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What Is a Gill?

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  • Written By: J.M. Densing
  • Edited By: E. E. Hubbard
  • Last Modified Date: 27 September 2014
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A gill is a vital organ used by fish and other aquatic animals to breathe by extracting oxygen from the surrounding water. On most aquatic animals that utilize gills for respiration, they are found on or near the head, and are protected by a structure called a gill flap. These specialized respiratory organs work by filtering the oxygen out of the water as it passes across numerous filaments. Similar to lungs, the oxygen is absorbed into the blood through the thin walls of tiny blood vessels. In order to obtain enough oxygen to support life, a great deal of water must pass through the gills, and scientists believe it has been used by various creatures for millions of years.

Most aquatic animals who remain submerged underwater use gills for respiration. Examples include fish, eels, and crabs, and the gill performs the job that the lung does in air-breathing animals. The primary function of gills is the extraction of oxygen from the water, and the release of carbon dioxide. Usually gills are located on or near the animal's head in pairs with one on each side, and the number of sets varies depending on the kind of aquatic animal. Each one is protected by a structure called a gill flap, which has the appearance of a long, deep, slightly curved slit in the skin. The flap covers and protects the gill's structure, and also helps to direct water across its surface.

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A gill functions by filtering enormous the quantities of water that flows through the structure. As water enters through the flap, large particles are removed by structures called gill-rakers, which are like a screen made of soft tissue. Then the water reaches the filaments, which are composed of reddish-colored soft tissue and look similar to a fine-toothed comb. The filaments have a lot of surface area exposed to the water with multitudes of tiny thin-walled blood vessels very close to the outer membrane.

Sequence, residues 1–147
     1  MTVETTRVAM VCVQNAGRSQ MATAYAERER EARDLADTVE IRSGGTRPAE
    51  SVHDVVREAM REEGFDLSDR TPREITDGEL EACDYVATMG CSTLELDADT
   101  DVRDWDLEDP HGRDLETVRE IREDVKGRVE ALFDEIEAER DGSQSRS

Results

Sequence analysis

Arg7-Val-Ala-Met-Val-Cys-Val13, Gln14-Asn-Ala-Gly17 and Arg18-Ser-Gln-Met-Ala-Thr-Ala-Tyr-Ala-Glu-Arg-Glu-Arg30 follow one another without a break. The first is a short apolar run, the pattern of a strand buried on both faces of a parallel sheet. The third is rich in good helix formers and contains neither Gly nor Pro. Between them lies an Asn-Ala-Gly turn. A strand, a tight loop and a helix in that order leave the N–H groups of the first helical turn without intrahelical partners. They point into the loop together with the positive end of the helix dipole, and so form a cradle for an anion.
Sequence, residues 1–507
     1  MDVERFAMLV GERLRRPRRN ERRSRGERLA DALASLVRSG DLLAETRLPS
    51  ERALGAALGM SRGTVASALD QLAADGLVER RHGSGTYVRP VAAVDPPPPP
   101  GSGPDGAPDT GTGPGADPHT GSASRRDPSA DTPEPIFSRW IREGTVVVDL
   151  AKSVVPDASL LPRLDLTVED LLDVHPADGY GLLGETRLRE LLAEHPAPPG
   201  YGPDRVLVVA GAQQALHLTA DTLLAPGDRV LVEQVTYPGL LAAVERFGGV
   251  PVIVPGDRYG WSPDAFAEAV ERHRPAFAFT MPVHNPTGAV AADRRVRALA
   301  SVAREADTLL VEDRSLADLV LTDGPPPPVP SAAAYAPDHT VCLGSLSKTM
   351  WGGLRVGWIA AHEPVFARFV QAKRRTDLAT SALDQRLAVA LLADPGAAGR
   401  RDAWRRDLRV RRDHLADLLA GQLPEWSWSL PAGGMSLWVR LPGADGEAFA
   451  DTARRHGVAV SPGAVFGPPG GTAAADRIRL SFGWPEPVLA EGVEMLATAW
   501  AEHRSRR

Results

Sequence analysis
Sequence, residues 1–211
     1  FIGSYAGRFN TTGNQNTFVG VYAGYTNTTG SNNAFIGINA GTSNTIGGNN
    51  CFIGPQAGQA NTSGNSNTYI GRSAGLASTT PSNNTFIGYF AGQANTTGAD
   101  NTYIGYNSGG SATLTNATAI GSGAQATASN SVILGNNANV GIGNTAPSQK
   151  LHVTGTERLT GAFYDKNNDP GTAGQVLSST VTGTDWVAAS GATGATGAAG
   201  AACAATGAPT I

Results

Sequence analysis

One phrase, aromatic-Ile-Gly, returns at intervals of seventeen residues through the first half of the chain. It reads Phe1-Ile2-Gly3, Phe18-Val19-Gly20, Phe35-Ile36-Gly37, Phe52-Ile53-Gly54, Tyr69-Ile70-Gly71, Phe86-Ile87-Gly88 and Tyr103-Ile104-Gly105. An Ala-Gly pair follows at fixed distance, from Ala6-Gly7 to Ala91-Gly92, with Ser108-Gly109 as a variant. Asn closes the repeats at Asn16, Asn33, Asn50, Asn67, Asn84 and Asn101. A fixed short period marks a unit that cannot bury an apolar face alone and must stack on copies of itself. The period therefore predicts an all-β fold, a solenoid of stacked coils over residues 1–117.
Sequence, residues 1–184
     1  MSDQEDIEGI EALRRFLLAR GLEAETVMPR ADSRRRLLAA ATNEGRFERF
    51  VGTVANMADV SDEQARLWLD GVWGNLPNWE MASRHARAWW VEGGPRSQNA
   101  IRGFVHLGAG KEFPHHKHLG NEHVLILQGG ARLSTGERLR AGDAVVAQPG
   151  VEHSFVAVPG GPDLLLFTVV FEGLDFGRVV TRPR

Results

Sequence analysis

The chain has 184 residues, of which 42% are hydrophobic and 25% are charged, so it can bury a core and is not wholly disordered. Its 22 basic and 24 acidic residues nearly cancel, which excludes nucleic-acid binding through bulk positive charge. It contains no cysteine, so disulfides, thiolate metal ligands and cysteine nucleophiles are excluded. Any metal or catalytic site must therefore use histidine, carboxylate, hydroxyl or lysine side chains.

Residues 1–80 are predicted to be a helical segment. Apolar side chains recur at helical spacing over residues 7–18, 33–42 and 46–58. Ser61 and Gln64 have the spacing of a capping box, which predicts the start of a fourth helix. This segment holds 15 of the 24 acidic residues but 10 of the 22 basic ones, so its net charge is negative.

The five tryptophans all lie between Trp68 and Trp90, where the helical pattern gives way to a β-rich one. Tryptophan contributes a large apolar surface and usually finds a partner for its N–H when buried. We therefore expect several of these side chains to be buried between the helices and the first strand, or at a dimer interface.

As the water passes through the filaments, oxygen is able to pass through the walls of the tiny blood vessels and enter the bloodstream. Carbon dioxide is also able to exit the blood through the vessel walls so that it can be released back into the water by the gills. Since there is a much lower concentration of oxygen in water than in air, tremendous amounts must pass through the gills in order to supply enough of the gas to sustain life. In addition to the water that is naturally drawn in as the aquatic organism swims, many animals are able suck more in by "pumping" their gills when extra quantities are needed. Gills are extremely efficient respiratory organs that many scientists believe have been employed for millions of years since the first creatures began life in the sea.

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